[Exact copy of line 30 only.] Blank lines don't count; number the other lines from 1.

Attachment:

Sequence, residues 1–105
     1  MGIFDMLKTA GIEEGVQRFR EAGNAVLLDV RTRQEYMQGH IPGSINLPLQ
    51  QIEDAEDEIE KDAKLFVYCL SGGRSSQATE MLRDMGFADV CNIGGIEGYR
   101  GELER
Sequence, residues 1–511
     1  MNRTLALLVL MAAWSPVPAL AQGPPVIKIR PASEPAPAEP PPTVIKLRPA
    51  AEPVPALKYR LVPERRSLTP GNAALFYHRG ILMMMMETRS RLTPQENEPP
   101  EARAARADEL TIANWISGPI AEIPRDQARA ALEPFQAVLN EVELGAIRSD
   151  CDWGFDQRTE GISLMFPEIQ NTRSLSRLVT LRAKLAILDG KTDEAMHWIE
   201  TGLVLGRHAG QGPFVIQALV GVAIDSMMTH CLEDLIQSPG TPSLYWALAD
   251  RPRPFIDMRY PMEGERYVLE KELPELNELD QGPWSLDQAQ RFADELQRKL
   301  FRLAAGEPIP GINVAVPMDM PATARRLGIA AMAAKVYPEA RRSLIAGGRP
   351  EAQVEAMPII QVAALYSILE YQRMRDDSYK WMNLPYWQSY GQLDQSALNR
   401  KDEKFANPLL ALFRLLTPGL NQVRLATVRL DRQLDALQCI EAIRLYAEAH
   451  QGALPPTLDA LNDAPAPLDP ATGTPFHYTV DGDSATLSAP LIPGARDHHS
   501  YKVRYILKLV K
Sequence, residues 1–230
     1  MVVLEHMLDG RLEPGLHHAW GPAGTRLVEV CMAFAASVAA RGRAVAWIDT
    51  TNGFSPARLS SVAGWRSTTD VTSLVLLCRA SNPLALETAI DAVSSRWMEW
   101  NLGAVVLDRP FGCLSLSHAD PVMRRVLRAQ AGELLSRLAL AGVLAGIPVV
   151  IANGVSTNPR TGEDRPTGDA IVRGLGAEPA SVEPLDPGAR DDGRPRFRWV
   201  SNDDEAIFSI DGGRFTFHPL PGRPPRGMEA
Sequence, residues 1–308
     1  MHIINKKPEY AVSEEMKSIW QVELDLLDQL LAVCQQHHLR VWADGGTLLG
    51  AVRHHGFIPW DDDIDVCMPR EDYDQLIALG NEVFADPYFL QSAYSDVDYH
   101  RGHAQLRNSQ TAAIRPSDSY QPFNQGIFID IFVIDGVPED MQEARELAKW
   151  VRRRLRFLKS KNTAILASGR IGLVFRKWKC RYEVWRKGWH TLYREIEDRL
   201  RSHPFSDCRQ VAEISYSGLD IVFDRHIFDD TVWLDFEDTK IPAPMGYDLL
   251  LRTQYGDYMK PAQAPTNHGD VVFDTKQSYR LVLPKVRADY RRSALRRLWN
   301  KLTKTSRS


   301  KLTKTSRS